Phosphorus Problems

Phosphorus display


Phosphorus Problems and Solutions: Part 1 

Ohio legislators are considering a number of rules and regulation regarding phosphorus (P) fertilizer and manure. The following article outlines some facts about P runoff. Weather is one of the biggest culprits in P runoff. Over the last several decades, precipitation has changed with more numerous precipitation events occurring with higher amounts, longer duration, and increased intensity. Due to weather, the key facts are that 90% of P runoff comes from 1-2 major runoff events each year and 80% of P runoff comes from 20% of the soil (Dr. Andrew Sharpley). Location and transport are key factors. Fields close to a creek, stream, or river contribute a considerable amount of P in surface runoff. Most soil P is stratified and P is located in the top 2- 3 inches of the topsoil and subject to soil erosion and surface runoff.

On measuring P runoff, the P concentration (usually measured in parts per million) times the transport factor (volume of water runoff) equals P lost in surface water. Many researchers concentrate too much on P concentration and sometimes ignore the P transport. For example, no-till and cover crops typically have 10% to 50% higher P concentrations in the surface water, however; they also have a 10-100x times less runoff (Dr. Kevin King Research). A Coshocton study on long-term (>50 years) conventional fields had >1500 inches of runoff compared to long-term no-till with <7 inches. A major focus should be on reducing water runoff volume and reducing the energy in moving water by slowing it down because less runoff reduces the amount of P lost from farm fields.

Reducing the speed that water runoffs off the soil surface reduces nutrient loss. A doubling of the speed of water in a ditch or creek increases expediently (26 = 64X more) the amount of water and nutrients that can be carried away. So water moving at 16 mph in a stream carries 512X more nutrients and at 32 mph 1,024X more nutrients than water flowing at 1 mph. Slowing water runoff reduces the flashiness of our streams and reduces the amount of nutrients lost from a field. Cover crops and no-till protect soil from erosion, increase water infiltration, and reduce the speed and flow of water so that less nutrients are lost in the surface runoff.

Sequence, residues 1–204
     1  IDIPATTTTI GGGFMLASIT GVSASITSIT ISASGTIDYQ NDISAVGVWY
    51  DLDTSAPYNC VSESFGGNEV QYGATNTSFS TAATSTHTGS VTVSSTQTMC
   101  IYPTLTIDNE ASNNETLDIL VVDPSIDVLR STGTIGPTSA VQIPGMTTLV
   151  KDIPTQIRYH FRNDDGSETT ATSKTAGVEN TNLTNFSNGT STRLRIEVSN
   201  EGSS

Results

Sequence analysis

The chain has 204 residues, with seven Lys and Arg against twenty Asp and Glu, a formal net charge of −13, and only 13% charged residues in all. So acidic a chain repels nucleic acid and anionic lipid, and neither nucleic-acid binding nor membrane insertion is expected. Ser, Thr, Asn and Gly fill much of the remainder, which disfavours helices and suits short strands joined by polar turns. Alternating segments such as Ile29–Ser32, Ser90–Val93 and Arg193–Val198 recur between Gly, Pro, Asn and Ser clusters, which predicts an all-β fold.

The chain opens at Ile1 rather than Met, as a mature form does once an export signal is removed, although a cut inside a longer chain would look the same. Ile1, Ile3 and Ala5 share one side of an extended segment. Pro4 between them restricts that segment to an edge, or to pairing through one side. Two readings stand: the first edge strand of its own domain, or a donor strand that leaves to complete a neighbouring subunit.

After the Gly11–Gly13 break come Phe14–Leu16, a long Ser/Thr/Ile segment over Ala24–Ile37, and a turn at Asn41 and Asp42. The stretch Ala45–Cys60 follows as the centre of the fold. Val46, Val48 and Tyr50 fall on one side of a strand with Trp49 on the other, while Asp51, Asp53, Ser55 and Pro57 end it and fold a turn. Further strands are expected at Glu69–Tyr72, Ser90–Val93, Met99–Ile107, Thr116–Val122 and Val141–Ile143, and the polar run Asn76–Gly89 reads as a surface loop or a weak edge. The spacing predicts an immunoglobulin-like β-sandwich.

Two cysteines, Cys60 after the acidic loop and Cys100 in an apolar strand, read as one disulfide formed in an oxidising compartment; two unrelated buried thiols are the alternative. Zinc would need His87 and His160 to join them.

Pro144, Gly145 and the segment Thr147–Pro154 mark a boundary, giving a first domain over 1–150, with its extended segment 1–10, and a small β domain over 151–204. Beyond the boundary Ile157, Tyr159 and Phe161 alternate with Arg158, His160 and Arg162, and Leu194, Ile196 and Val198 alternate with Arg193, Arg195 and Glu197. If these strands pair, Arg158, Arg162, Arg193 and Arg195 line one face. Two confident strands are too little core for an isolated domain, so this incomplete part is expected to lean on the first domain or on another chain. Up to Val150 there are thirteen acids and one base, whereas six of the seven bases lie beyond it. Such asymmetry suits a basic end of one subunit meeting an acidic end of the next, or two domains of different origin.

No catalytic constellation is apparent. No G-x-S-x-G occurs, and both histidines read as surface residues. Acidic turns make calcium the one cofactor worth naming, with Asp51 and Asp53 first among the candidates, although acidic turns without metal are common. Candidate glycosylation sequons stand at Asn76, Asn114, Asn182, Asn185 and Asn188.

How is soil P stored? Organic P (humus, active organic matter) tie up 50-80% of soil P in a stable form that can be made plant available. Aluminum (Al3+), Iron (Fe3+, Fe2+), calcium (Ca2+), and dissolved reactive P (DRP) are inorganic forms of P associated with the soil mineralogy. There are two forms of P that are plant and algae available, exchangeable P (ExP) from active organic matter and DRP which is an inorganic form. The ExP has a longer carbon chain and is less likely to be lost from the soil profile. Active organic matter in the ExP comes from live root exudates and mucilage, microbial wastes, and other carbon sources (ExP > DRP in soil storage).

Soil organic matter (humus) ties up a majority of soil P in a stable form compared to the inorganic sources (SOM>Al3+ > Fe3+ > Fe2+ > Ca2+) however SOM levels have decreased 50- 60% in the last 50-100 years due to excessive tillage. The aluminum, iron, and calcium P is not considered plant available however they can become plant available slowly over time unless the soil becomes saturated. 

Iron is a major element in our soils and is a major problem in Northwest Ohio soils because it releases the P to surface water. Under saturated soil conditions, Fe3+ release DRP quickly and converts to Fe2+ and when the soil dries out, the Fe2+ converts back to Fe3+ tying up DRP. How often do you see saturated soils after a rain in Northwest Ohio? When water is standing on your field, iron is the bad boy releasing DRP to our creeks, ditches, and streams. Saturated soils are a common problem due to poor soil structure and soil compaction caused by excess tillage.

In my next article, looking at possible solutions, I discuss how no-till and cover crops improve soil structure, reduce soil compaction, increase water infiltration, improve water storage, and result in less water and P runoff. Increased active carbon from live roots improves soil structure and results in long-term SOM. All these soil health benefits can save the farmer money through reduced fertilizer inputs and increase crop yields over time resulting in improved long-term profits.

Phosphorus Problems and Solutions: Part 2